While there are some very good counselors out there, there are also counselors who are not helpful and do more damage than good. This does not make them bad people, but is reflective of the training that they receive in University. For years few people have been willing to share their honest experiences with affairs, so University professors have been stuck teaching psychology that relates to other areas of life and not specifically to the intricate nature of affairs.
Most counselors are trained to treat the individual and not see the marriage as an intricate part of a person’s emotional, spiritual and physical health. Contrary to these “against marriage” approaches to counseling, Linda Waite of the University of Chicago has done extensive research proving that people who work out their differences in their first marriages and stay married to their first partner for a life time, experience the greatest happiness and physical health in life by far. Her book is titled “The Case for Marriage.” (I heard her speak in person at the Smart Marriage Conference in Dallas in June 2005.
Luckily there are a whole contingent of counselors that have discovered that this is true, and there is an excellent website called
Also Brian and I do couples/individual relationship coaching. We are not people with masters degrees in counseling, yet we’ve helped many on their healing journey from affairs. Some prefer our approach. We tell it like it is, and don’t waste your time.
It’s outrageous that your counselor is telling you not to read books! This is wrong. Reading is one of the main keys to healing that EVERY person I know whose healed from affairs has used. It’s as if he’s afraid he doesn’t know enough and he’s afraid you might become more informed than he is.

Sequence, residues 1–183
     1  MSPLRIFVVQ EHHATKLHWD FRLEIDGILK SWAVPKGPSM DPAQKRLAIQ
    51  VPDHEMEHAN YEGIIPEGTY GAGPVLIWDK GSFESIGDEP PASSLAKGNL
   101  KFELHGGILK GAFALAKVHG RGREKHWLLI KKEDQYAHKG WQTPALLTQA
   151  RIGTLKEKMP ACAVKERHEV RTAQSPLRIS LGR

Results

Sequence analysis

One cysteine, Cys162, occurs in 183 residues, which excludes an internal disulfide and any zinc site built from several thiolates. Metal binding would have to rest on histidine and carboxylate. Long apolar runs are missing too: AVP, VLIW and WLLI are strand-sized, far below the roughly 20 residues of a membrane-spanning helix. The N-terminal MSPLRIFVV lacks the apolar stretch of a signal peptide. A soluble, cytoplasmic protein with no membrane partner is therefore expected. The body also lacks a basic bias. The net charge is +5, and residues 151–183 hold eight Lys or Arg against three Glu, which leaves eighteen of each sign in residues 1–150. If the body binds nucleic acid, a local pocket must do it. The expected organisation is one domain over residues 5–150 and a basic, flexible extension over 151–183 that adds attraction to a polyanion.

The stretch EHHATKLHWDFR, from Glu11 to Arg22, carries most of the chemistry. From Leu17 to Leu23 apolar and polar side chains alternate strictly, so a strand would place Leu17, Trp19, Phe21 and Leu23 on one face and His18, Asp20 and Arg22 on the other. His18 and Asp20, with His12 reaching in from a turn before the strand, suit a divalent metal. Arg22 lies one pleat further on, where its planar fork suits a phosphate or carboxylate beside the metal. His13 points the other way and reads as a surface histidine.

Knowledge and education are always keys to empowerment and personal growth. Anyone who tells you to stop your quest for personal learning is undermining your ability to think for yourself. They are indirectly trying to control you by limiting your outside input. This is what they do in cults, tell you to stop educating yourself because outside education, they say, is harmful.
You heal from affairs by asking questions and gaining greater understanding of why this affair happened and what’s going to be different so it doesn’t happen again, and by processing your emotions, which are very valid. You also heal by learning to understand affairs in the wider perspective of our culture, instead of seeing your situation as one of few unlucky ones.
Emotions like anger and sadness are healthy and normal and are given to you naturally to help you get through difficult times. Trying to avoid or suppress your emotions and questions is like trying to heal by putting a band aid on a heart attack. You treat the disease. You don’t try to deny it exists. You do have questions and emotions. I healed by processing them, not by trying to suppress or limit them.
A good counselor should:
1. Encourage you to read.
2. Inform you, but not undermine your decision to stay married.
Only you will live with the outcome of the decisions you make right now, not your counselor. I’ve seen more counselors unnecessarily destroy marriages that could be healed.
Think for yourself. This is your life. Follow your own intuition, your inner voice, your inner sense of right and wrong.
PS – It has been 9 months since I first received the letter in situation #1. This marriage is doing very well today as a result of reading and talking about the affair. Both marriages are well on their way to healing.
©Copyright 2005 Anne and Brian Bercht. All rights reserved.